Our results are in concordance with the previous, but limited, studies [18, 19]. A comparative study between CMR and TTE for diastolic function evaluation was performed by Hartiala et al in 1993. They studied 10 normal individuals and achieved modest correlations between TTE and CMR-PC (Evel r = 0.68 and Avel r = 0.83) [21]. The MV and PV were imaged by CMR-PC using both 2D and 3D velocity encoding were both lower than the TTE measured velocities. The study was performed on early generation scanners and since then the imaging technique has evolved to allow better temporal resolution and faster imaging. Recently, powerful gradients and faster computing power has led to shorter echo time and repetition time, which has led to better results. These technical improvements have also led to real-time CMR applications.

A similar approach was used by Karwatowski et al in 1995, studying 19 patients with known coronary artery disease [22]. The technique increased the temporal resolution to 35 ms by using in-plane velocity encoding on horizontal long axis view. The study was not designed to correlate diastolic patterns but showed that CMR and TTE Evel values were similar, but Avel values were slightly lower by CMR. Recently, Lin SJ et al compared mitral valve area using pressure half time assessed independently by CMR-PC and echocardiography methods [23]. They obtained Evel and Avel velocities similar to echocardiography (r = 0.81 and r = 0.89, respectively). Although this study was not designed to evaluate diastolic function, it does show the feasibility of clinically employing CMR-PC acquisitions.

We imaged MV and PV in the short axis orientation, perpendicular to the major direction of flow, and using 3D encoding of velocity, allowing interrogation of the complete cross-section of the plane to comprehensively assess diastolic flow, irrespective of the location and vector. The velocity window of 200 cm/s was used to avoid aliasing of the Evel and was not significantly different to values used in prior studies. Pixel by pixel evaluation of 3D velocity data obtained by CMR revealed that most peak velocities reside in the anterolateral or inferoseptal location away from the center of the mitral valve where we typically sample by TTE. This finding should be confirmed in larger series of patients to give us a direction into newer insights of diastolic mitral flow evaluation.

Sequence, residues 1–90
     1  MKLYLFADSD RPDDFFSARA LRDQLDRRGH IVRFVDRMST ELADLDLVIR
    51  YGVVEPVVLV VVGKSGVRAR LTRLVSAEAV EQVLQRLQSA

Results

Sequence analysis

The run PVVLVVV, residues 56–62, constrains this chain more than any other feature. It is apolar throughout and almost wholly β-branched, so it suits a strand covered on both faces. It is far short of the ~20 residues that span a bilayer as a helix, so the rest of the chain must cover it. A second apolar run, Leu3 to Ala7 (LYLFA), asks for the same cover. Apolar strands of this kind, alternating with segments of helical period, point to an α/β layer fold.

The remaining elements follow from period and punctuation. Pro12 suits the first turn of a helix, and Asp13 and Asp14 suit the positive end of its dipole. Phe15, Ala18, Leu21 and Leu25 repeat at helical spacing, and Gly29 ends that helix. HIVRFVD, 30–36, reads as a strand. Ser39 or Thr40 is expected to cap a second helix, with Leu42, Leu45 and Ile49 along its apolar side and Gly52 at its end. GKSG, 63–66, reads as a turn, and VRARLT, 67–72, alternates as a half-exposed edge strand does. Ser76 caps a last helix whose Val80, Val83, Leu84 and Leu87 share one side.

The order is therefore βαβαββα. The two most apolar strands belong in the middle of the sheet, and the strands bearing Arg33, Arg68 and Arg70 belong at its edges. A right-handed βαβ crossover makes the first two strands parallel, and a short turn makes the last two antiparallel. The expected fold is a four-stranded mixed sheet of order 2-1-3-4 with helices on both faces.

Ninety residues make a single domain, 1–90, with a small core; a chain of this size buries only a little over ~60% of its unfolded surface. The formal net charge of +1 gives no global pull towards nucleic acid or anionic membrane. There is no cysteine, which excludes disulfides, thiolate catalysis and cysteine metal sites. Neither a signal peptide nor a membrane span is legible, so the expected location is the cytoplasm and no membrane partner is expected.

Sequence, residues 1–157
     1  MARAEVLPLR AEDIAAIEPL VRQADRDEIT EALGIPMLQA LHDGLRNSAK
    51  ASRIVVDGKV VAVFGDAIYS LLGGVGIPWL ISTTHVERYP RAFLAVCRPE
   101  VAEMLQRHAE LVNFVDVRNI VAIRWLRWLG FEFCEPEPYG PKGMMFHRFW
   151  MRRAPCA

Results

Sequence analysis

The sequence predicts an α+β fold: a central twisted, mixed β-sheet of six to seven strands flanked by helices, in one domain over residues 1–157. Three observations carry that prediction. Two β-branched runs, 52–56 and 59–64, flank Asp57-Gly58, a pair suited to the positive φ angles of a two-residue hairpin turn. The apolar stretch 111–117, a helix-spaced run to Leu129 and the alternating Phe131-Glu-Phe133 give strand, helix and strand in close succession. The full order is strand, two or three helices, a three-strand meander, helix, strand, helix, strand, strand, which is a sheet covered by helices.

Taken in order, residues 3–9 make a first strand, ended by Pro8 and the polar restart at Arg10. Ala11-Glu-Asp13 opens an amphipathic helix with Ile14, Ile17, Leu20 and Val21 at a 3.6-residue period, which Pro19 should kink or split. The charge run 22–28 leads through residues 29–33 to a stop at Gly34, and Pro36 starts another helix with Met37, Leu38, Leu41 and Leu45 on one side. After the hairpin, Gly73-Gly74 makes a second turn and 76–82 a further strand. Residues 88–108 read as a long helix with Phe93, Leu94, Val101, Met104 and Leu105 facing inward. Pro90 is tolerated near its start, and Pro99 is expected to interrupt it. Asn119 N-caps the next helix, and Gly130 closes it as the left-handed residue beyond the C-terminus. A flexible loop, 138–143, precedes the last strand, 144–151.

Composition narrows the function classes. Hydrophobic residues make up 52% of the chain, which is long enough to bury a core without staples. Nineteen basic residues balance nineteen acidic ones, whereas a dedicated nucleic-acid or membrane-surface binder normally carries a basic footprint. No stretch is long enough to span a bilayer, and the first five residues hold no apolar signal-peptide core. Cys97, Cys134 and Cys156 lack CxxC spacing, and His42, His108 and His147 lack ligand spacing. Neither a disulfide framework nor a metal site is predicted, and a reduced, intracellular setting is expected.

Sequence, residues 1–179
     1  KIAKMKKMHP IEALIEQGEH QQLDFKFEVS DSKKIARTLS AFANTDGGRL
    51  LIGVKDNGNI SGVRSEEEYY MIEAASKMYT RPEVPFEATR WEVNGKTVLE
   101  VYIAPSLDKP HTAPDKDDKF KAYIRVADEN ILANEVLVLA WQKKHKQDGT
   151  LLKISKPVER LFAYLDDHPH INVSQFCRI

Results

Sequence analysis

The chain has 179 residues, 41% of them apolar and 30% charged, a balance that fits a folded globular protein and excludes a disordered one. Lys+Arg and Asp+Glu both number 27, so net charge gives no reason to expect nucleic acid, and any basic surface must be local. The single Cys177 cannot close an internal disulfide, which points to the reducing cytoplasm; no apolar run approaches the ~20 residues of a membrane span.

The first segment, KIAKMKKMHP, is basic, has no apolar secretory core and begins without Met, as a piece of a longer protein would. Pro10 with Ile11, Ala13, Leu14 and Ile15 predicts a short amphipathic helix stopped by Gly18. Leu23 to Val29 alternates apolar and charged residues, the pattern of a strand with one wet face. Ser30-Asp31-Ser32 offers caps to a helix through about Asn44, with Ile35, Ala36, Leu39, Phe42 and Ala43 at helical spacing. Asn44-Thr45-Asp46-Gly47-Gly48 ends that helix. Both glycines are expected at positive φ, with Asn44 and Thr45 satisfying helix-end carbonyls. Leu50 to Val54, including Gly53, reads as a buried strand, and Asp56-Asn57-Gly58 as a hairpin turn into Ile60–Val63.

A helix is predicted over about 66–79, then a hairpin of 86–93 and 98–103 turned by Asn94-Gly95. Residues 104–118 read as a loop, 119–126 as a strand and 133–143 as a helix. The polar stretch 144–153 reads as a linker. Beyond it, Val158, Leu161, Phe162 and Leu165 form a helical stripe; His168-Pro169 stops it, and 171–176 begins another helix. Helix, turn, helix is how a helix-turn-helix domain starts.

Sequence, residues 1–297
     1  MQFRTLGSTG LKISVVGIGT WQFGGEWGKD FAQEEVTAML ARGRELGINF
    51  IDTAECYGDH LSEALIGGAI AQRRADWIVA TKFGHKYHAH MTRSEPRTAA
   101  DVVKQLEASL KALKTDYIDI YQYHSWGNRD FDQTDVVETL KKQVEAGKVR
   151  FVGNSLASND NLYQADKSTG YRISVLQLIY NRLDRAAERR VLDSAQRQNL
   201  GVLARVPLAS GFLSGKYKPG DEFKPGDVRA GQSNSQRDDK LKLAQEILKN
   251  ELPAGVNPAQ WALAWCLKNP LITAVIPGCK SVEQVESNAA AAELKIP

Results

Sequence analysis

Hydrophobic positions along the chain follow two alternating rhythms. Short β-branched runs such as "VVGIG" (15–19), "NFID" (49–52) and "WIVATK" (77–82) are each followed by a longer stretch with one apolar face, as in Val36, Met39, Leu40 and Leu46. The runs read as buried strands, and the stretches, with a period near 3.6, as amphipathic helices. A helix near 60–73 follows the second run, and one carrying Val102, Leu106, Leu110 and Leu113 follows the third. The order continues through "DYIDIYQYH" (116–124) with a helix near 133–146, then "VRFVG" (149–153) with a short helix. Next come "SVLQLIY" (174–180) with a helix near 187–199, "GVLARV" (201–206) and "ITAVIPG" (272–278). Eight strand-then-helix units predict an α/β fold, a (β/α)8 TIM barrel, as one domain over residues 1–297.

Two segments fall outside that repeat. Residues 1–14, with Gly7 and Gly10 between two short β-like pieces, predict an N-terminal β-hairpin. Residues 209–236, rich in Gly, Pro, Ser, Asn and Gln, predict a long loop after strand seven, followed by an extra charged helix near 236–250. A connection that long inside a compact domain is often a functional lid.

In summary, our study was conducted to establish the feasibility of routinely performing evaluation of MV flow to assess diastolic function using CMR. We were able to obtain clinical variables including E:A ratios and deceleration times, which were in agreement with those obtained using TTE.


The diastolic flow indices are limited by the pressure gradients, heart rate and hydration status of the patient. This source of variability is not technique dependent, and standard precautions were observed to minimize these influences. To obviate this limitation, intramyocardial properties ideally should be assessed, but this investigation is beyond the scope of the work presented here. While a diastolic strain analysis can be performed, this too is not generally considered clinically feasible due to the protracted post-processing required and the inability to compare directly with clinical assessments obtained using echocardiography.

Non-breathhold imaging was performed for CMR-PC. As rapid, sparse sampling techniques mature, such as BRISK (B lock R egional I nterpolation of S egmented k-space), the breathholds can be applied to PC imaging thus improving signal to noise and reducing variability due to respiratory effects and slice selection [24, 25]. Post-processing, although is rapid for CMR, bus is not as convenient to perform when compared with routine pulsed wave Doppler analysis. As technical modifications progress, this limitation will diminish, as near real time acquisition and processing options will be available in CMR.


This study highlights certain key points for the LV diastolic function assessment by CMR. Firstly, it is clinically feasible to accurately obtain the LV diastolic flow data and systolic function data in a single examination, wherein current clinical practice application of CMR is largely limited to systolic function evaluation. Secondly, the image quality, patient tolerability, ease and time to obtain the data match the TTE examination, and only adding an average of 4 minutes to the CMR examination, allowing CMR to provide comprehensive ventricular assessment. Thirdly, the data obtained are morphologically and quantitatively similar to that obtained using TTE, and are thus easily interpretable by a general cardiologist, requiring no further physician education for the interpretation of CMR results. The added ability to interrogate flow in 3D manner is an improvement to prior studies and has the potential to provide more accurate diastolic flow evaluation, given the great variety of physiologic conditions that can prevail, providing variables that include flow profiles and mean trans-valvular flow.

In conclusion, we have shown for the first time that there is good agreement between the CMR and TTE evaluation of diastolic function. The 3D CMR acquisition of one slice at the mitral valve leaflets provides reproducible and reliable flow data, without a time penalty compared to TTE, and is clinically feasible on current commercial CMR scanners.